India should be an integral part of America’s Asia policy: US Congressman


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Asserting that India should be an integral part of America’s Asia policy, a Congressman from New York has urged the Obama administration to strengthen its ties with New Delhi. “From a strategic perspective, India is a potential counterweight to China’s growing regional influence in Asia. They’ve become increasingly vocal on issues like freedom of navigation in the South China Sea and the Indian Ocean region”, US lawmaker Eliot Engel said during a Congressional hearing. Speaking during a House Foreign Affairs Committee hearing on Challenges and Opportunities in Asia, the Congressman said, “As the world’s third largest economy, India has the potential to become a major economic player in East Asia, and is already playing a constructive role in maritime issues”.

“The US-India relationship is important, it’s growing, in particular on the defense side, and Prime Minister Modi will be coming to Washington again in a couple of months to meet with President Obama”, Mr Engel said. “It’s the third largest economy in the world by purchasing power parity and is the largest democracy in the Asia region”. The call for stronger ties with India comes amidst China’s s growing influence in Asia.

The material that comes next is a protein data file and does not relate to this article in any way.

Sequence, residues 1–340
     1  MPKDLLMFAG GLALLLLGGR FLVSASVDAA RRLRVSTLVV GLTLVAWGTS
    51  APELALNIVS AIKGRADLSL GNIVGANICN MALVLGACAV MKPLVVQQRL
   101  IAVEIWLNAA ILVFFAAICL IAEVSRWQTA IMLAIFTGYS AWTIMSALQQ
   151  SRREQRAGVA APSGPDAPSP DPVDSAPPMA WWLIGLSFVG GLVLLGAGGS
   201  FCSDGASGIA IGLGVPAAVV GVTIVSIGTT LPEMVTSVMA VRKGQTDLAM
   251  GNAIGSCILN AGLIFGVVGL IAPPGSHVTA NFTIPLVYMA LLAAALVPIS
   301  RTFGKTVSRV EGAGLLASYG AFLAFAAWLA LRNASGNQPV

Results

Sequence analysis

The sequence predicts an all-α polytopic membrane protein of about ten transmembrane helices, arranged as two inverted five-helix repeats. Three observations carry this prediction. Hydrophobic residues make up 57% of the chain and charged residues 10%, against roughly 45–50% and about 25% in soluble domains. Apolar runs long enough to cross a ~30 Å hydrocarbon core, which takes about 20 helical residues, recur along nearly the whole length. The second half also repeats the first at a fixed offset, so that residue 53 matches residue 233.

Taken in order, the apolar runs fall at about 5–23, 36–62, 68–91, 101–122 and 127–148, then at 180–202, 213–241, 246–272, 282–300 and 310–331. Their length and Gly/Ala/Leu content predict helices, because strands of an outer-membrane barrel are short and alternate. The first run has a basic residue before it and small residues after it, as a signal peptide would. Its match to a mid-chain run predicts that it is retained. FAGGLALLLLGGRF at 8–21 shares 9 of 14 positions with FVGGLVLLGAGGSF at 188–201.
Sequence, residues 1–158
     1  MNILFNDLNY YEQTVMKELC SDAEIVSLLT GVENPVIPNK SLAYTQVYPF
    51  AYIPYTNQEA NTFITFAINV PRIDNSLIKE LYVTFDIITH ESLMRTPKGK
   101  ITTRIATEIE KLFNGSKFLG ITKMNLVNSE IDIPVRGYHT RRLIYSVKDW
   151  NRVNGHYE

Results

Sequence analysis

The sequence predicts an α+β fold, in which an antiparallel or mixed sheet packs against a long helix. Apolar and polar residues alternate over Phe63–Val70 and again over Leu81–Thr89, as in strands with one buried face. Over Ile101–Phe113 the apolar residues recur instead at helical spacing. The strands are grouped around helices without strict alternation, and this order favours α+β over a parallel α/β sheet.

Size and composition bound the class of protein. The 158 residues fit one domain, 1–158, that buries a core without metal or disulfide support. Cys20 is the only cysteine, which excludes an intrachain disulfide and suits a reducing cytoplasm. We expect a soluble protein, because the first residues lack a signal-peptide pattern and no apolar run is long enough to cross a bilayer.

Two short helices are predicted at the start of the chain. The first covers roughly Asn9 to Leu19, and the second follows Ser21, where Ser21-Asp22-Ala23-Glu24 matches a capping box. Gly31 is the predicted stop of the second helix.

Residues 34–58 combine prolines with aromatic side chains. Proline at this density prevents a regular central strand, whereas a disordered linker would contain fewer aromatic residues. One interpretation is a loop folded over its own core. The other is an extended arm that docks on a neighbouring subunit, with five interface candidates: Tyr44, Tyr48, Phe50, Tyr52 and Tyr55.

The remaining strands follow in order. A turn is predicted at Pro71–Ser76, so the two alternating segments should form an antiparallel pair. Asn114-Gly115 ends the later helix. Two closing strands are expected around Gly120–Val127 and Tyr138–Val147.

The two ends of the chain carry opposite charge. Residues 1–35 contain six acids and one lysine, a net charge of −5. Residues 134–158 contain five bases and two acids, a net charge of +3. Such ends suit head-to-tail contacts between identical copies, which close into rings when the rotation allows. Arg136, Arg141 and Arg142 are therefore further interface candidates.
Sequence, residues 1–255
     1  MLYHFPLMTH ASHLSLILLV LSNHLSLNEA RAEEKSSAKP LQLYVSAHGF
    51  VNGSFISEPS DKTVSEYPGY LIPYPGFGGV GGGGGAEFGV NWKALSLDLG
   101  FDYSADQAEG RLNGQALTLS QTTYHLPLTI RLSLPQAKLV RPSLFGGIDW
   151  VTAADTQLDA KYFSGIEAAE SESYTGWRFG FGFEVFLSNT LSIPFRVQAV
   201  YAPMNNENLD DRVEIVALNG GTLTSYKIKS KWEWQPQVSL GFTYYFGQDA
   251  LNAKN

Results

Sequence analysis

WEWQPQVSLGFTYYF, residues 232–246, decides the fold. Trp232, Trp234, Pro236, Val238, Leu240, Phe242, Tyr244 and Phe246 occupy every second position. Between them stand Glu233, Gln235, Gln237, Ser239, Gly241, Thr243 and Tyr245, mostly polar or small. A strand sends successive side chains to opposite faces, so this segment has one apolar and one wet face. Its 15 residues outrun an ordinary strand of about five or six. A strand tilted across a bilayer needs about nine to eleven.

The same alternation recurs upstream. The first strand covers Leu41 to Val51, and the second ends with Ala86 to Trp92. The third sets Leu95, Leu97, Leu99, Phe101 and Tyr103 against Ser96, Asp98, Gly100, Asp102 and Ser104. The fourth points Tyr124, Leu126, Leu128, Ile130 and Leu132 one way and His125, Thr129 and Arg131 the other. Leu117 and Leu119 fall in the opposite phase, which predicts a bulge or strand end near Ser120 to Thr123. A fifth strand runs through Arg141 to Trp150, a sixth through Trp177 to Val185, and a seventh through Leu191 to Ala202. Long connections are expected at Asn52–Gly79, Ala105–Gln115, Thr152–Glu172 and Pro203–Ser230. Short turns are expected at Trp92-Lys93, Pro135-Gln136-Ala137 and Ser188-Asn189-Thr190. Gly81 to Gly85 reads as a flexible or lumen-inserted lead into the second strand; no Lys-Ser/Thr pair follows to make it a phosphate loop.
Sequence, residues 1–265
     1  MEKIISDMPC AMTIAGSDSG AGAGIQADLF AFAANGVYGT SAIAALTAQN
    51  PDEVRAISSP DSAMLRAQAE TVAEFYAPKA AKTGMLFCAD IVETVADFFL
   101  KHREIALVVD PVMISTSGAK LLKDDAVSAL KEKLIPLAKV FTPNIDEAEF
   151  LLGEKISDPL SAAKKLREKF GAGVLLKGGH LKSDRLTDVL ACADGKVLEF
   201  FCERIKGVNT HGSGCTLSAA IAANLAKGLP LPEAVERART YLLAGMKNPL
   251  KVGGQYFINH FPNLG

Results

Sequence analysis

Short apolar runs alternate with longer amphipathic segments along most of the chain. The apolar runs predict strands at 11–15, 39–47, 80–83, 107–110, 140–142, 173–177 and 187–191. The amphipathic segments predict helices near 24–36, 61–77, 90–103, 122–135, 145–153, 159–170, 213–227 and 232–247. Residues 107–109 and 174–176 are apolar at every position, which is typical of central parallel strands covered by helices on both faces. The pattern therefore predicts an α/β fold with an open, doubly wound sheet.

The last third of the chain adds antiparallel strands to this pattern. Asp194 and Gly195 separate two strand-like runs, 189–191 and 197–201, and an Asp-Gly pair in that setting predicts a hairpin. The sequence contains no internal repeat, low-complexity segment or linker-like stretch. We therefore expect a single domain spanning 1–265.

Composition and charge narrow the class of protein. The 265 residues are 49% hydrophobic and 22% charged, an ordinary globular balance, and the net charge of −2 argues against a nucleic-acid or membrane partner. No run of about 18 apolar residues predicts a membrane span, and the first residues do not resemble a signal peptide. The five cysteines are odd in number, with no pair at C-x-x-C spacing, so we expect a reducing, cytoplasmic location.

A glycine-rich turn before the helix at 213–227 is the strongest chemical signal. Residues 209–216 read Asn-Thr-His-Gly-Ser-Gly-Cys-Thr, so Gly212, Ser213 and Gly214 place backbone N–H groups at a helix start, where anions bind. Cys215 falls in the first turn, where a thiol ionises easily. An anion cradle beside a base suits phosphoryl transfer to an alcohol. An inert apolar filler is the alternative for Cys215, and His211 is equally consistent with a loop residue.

Mr Engel is one of the US lawmakers who had requested the US House Speaker Paul Ryan to invite India’s Prime Minister Narendra Modi to address the Congress. Mr Ryan has invited Mr Modi to address a joint meeting of the Congress when he visits the US capital in June. “In the last few years, the long relationship between the United States and India has grown even stronger. Our collaboration on issues from climate change and the environment to defense to economic growth shows just how many concerns our countries share”, Mr Engel had said while welcoming the US decision to invite Mr Modi to address the Congress.

In response, US Deputy Secretary of State Anthony Blinken said that the Obama administration strongly shares lawmakers’ view on the importance of India, both in and of itself, but also as a part of the region and as an increasingly vital regional actor.